Rob's Mountain Gin -- and Rob Masters -- acquired by Spring44 Distilling
In 2010, when Jeff Lindauer and Russ Wall first began scheming to turn Lindauer's Buckhorn Canyon water into craft spirits, they consulted with a private-label distilling company to come up with the formula and recipes. And by random chance, they worked with Rob Masters, who soon left that group to launch his own gin brand, Rob's Mountain Gin, in Boulder.
Now, though, as Spring44 gets ready to open a distillery in Loveland, the company has acquired Masters's brand -- and Masters himself will take over as the Chief Ethanol Savant, or head distiller.
"It's exciting," says Masters of his move. "I developed the formulas awhile ago, and when they were going to open the distillery in Loveland, I was hired as a consultant to get it up and running, but I was still keeping my own brand. But it just came to fruition, and I realized Spring44 was where I needed to be for awhile. We fell in love with each other."
The distiller says the distillery itself had a major influence on his decision. "They've been catching a little heat around town for the products not being made in Colorado," he admits. "But they made a commitment to build a really cool distillery," which should be open, he predicts, as soon as the group gets final approvals from the government. "We've been saying two weeks for two months now."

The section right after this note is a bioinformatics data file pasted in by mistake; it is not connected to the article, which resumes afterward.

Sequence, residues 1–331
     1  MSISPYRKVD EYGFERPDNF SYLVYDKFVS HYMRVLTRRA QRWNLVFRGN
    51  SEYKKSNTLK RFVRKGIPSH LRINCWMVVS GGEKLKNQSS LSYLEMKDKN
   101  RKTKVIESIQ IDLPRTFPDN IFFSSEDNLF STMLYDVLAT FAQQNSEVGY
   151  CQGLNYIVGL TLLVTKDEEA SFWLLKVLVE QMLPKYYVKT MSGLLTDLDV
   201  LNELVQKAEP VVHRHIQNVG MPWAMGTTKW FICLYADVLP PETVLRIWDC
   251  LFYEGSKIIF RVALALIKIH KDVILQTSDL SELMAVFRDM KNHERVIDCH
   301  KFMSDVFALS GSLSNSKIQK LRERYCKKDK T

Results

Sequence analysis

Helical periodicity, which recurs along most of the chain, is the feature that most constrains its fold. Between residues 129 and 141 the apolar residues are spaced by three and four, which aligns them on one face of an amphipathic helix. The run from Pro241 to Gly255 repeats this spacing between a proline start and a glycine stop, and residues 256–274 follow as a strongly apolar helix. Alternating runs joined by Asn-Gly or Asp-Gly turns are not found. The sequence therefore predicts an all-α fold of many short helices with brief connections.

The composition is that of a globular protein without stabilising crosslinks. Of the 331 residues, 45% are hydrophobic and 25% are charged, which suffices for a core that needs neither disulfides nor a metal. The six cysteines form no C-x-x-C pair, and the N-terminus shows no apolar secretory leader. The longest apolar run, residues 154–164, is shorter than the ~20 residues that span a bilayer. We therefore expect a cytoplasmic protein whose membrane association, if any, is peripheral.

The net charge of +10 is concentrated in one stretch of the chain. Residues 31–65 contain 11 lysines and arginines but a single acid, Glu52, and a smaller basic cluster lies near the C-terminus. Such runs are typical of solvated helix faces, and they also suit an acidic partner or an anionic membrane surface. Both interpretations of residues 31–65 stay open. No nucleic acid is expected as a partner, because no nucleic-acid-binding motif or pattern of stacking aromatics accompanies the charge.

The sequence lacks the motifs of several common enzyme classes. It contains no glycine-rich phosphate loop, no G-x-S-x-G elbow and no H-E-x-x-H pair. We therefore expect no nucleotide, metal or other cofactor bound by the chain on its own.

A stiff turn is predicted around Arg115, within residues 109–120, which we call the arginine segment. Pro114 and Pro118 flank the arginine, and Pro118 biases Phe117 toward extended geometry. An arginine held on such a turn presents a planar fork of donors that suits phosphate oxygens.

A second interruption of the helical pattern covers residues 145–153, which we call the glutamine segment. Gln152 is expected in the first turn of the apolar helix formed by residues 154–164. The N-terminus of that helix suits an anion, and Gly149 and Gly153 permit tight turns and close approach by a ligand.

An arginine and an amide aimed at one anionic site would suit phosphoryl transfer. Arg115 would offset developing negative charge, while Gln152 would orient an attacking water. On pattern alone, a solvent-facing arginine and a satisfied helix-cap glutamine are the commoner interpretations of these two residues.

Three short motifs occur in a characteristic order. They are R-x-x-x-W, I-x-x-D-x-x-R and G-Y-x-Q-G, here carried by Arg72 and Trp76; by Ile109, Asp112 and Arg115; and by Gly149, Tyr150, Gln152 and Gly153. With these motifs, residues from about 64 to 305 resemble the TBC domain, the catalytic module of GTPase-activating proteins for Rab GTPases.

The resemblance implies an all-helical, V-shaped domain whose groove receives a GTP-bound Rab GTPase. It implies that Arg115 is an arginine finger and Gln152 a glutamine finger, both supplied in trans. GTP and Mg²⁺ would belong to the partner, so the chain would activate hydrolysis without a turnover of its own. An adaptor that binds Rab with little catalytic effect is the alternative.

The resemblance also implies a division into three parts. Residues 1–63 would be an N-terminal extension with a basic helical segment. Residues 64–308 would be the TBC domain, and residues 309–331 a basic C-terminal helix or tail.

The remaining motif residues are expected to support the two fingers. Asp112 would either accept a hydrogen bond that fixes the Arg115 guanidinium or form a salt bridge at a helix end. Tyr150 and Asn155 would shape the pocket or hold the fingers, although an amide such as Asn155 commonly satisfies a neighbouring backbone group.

Even so, Masters is making plans for his new gig. The big still is on order, but it should arrive by July 1, he says, adding that "it's a beautiful copper still" from Vendome in Kentucky. "It's very versatile, and we can use it to make anything we want," he continues, noting that he also ordered an all-glass still. "I've been making my gin in Boulder on a little glass still, and this is a bigger version of that. It allows us to do all kinds of fun gin botanicals and some crazy vodka."
Like chokecherry, for instance, which is the flavor Masters has next in the pipeline. "We want to stick to Colorado-centric products," he explains, adding that the chokecherries he's using are grown in-state. He emphasizes, too, that the chokecherry vodka won't be cough-syrup-like or candied: "I'm going for sour cherry, not lollipop cherry."
As for Rob's Mountain Gin, Masters says it'll continue to be available, but the company hasn't worked out the details for exactly how. You can follow that development, however -- as well as other developments regarding Spring44 -- on the company's blog.
To celebrate the changes, Star Bar will host a transition party this Wednesday for Masters and the Spring44 crew, where Masters will pour cocktails featuring Rob's Mountain Gin and Spring44. "It'll be all my friends and confidants from the industry," he says. "Other distillers will be there, and we can all break bread and celebrate and introduce people to Spring44."
That party, which is also open to the public, starts at 6 p.m.
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